I’m a huge fan of doing both. Don’t get me wrong. I produced over two episodes a week. I have a ton of content out there. I use guesting as much as I use having guests on my show as lead generation, collaboration, and networking. It’s okay for me to do a weekly guesting spot but I have such long-term built authority. I have thousands of articles and search engine listings. I will outrank someone that I guested on 99% of the time.

We find our podcasters who have their show and are producing and publishing on a regular basis at least one episode a week, and some of them do more than one like you a week, often outranking their guest for their name, business name, and podcast name when they’re a guest on their show. This can flip if you are doing a certain volume of not only your episodes but also guesting. It can flip and it’s much more beneficial to you, than it is to them, for you to guest on their show. It can be the inverse but it does have to do with consistency, constancy, and proportionality.

That’s why I said this balance between the two. I think of it as a 1 to 4 ratio. If I have 100 episodes, I shouldn’t be guesting more than 25 episodes. Think about the balance of content. It’s 1 to 4. This is one of those out-there things that most of you won’t discover until you are like, “That didn’t work for me. I spent all this time thinking I was building my brand with guesting and it wasn’t working.” This is one of the reasons.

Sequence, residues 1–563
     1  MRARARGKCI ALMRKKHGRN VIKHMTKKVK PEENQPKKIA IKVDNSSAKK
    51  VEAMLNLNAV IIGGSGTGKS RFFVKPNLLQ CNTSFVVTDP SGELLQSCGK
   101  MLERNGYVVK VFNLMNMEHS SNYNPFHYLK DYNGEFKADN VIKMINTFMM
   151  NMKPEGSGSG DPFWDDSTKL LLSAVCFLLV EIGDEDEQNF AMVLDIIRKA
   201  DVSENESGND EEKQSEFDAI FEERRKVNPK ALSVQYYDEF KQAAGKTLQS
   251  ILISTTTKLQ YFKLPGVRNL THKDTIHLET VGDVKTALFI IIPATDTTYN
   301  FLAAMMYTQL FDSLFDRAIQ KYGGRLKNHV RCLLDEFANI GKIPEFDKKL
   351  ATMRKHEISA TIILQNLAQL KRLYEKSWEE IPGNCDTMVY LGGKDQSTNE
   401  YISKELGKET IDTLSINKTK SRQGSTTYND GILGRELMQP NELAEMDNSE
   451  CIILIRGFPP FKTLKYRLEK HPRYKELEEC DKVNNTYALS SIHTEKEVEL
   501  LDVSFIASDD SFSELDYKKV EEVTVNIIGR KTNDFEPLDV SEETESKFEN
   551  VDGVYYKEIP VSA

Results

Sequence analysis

Make sure that your time and energy are really well spent in giving you the best long-term residual value. Share on X

We are looking at that gap, those patterns that are happening throughout everything in the marketplace, and starting to see where the optimization, where you should be spending your time and energy, where you should be spending your money for that matter as well. We’re out there taking a look at what’s working across many types of podcasters, marketing, and models. We’re seeing what’s working and that’s what we’re bringing you here. This is one unusual view. I’m sure you won’t learn this from too many people unless somebody spent a year over-guesting.

We have had some people who the only thing they ever do is guest or they do a book launch and it’s a blitz of guesting where they do 50 guest appearances. Those I am not discounting. As a publicity blitz strategy, if you’re going to do that, that’s a purposeful thing. I’m going to sell as many books as I can and I need exposure with as many audience members as possible. Go do that. Understand that it may have a short-term downgrading effect on your podcast, and you are going to have to come back up on that and work to balance that out later in the year.